Does this tale sound too far-fetched to be true? Actually, in the 1970s a woman was reported as chasing children around Japan. A coroner’s report showed that she did, in fact, have a mouth that was sliced from side to side. Like all good spooky tales, the tale of Kuchisake-Onna is centered on some truth.

La Llorona - Folktales from around the worldLa Llorona

From the lands of South America comes the story of La Llorona, or the weeping woman. According to this story, a beautiful woman, usually named Maria, was heartbroken when her husband left her. While the reason that he left may vary depending on who is re-telling the story, the end result is the same. La Llorona was heartbroken. In her grief, she took her children to the river and drowned them. Realizing suddenly what she had done, she threw herself into the river to drown as well.

Of course, no spooky story can end with the death of the main character, and La Llorona is no exception. Because of her wicked deed in the heart of her grief, La Llorona was doomed to wander the riverbanks for all eternity, crying for her lost love and lost children. If the weeping woman finds unattended children as she walks, she will kidnap them and drown them too in the hopes that she can atone for her own dead children. This story is certainly one that does its job, keeping kids from wandering too close to the water or too far from their parents after dark!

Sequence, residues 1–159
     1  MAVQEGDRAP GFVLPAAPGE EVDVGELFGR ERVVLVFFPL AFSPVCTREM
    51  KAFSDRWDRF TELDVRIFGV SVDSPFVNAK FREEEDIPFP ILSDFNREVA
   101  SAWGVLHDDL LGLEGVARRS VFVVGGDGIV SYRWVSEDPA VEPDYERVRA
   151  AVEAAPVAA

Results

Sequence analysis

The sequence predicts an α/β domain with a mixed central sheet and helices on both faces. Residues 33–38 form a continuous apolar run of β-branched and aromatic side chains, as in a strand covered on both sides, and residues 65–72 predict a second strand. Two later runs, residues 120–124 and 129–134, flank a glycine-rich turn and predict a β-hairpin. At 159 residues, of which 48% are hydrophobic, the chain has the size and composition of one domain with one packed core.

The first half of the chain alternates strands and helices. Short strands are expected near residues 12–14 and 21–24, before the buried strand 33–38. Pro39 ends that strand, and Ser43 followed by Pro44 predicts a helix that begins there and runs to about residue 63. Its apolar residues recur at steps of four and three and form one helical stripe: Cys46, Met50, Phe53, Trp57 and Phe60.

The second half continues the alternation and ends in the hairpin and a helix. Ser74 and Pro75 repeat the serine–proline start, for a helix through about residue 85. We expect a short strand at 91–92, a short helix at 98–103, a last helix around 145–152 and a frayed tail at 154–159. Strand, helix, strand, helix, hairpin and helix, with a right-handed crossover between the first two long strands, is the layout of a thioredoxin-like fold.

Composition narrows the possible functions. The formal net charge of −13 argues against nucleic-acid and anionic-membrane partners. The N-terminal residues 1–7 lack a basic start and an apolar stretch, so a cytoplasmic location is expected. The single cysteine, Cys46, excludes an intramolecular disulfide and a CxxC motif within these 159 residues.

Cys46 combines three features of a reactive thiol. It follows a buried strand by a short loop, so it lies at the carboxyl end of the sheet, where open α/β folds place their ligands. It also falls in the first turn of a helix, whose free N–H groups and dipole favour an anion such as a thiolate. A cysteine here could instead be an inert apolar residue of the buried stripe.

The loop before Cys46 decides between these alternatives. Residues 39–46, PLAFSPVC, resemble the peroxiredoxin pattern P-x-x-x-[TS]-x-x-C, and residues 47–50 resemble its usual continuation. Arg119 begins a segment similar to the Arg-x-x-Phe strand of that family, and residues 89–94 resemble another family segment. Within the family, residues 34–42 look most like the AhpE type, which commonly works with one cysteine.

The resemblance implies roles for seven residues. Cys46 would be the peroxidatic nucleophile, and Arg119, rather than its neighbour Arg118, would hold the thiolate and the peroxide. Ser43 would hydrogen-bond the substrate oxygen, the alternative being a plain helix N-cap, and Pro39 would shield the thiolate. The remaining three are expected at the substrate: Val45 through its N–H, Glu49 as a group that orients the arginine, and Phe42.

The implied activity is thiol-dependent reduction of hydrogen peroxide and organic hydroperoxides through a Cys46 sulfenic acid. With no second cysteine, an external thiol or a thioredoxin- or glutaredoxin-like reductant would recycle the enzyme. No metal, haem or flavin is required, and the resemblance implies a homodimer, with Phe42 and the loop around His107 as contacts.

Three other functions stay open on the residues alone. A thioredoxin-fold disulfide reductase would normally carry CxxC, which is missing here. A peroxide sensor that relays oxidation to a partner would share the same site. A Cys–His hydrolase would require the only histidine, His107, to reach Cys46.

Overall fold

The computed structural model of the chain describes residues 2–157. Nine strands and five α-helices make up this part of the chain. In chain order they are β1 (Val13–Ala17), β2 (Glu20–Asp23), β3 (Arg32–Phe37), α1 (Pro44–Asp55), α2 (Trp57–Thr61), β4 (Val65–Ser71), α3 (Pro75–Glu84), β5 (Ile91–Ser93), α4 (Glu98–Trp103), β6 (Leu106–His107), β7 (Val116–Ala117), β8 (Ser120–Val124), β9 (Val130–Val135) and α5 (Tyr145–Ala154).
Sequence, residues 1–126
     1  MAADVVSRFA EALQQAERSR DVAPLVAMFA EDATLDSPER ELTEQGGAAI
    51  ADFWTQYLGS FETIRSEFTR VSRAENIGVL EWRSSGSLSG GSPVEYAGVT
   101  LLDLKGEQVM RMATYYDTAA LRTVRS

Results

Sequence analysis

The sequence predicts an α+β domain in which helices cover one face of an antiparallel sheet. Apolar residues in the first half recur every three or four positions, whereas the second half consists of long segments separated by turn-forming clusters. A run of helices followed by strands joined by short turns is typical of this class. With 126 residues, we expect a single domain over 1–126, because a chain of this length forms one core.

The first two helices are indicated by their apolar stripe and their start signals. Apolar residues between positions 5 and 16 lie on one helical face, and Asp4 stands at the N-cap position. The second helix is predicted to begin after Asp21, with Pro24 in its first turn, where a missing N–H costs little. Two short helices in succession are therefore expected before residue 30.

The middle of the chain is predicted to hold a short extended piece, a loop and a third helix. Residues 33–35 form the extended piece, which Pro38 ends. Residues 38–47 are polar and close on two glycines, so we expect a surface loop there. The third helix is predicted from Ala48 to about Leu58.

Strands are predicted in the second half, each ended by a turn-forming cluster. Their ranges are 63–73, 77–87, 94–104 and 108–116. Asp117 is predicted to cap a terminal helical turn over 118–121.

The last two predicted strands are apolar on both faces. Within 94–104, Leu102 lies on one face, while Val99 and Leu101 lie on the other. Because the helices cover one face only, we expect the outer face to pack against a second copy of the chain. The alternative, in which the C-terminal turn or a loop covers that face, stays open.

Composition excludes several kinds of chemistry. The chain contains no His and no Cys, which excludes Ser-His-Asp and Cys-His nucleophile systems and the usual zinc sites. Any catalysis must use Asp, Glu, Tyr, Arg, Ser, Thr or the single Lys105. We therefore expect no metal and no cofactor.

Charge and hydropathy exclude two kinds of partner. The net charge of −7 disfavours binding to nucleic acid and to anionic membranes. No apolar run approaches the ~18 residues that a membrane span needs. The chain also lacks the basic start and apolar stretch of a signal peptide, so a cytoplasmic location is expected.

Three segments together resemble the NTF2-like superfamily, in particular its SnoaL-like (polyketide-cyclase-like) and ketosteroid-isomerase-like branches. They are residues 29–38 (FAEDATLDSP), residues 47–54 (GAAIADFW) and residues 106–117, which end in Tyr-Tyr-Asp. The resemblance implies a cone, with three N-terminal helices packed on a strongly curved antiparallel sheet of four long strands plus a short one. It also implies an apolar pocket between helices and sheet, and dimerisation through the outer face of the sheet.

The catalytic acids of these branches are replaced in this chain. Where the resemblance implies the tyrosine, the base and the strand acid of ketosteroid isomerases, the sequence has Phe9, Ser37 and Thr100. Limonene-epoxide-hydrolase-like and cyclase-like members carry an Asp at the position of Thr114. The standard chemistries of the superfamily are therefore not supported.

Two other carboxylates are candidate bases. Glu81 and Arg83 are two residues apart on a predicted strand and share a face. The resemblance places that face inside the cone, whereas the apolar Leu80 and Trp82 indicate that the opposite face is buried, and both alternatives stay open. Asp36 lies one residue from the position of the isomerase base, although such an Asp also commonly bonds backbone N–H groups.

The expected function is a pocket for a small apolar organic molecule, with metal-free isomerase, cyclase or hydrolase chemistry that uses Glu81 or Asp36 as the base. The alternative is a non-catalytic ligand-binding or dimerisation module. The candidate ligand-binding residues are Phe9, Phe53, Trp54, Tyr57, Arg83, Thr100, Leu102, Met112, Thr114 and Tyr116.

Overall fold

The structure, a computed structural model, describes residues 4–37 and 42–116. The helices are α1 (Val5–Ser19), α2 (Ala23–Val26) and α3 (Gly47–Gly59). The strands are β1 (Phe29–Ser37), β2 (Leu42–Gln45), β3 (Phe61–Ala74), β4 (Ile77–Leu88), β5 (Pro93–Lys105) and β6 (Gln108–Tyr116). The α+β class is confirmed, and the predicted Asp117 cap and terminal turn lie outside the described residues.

In Bengal, India, Skondhokatas are believed to haunt the places of train accidents. With the increased dependence on trains for public transportation throughout the country, sightings of Skondhokatas are becoming increasingly common these headless ghosts are said to inhabit the places where they died due to train accidents. Since they have no heads, they’re easily thwarted, but nonetheless creepy.

While it may seem suppressing that decapitated train victims are a ghost class all their own in India, the truth is that India’s railway system is quite large, and has a poor safety track record, so it’s not surprising that the legend of the Skondhokatas has become popular.

Chupacabra - Folktales from around the world Chupacabra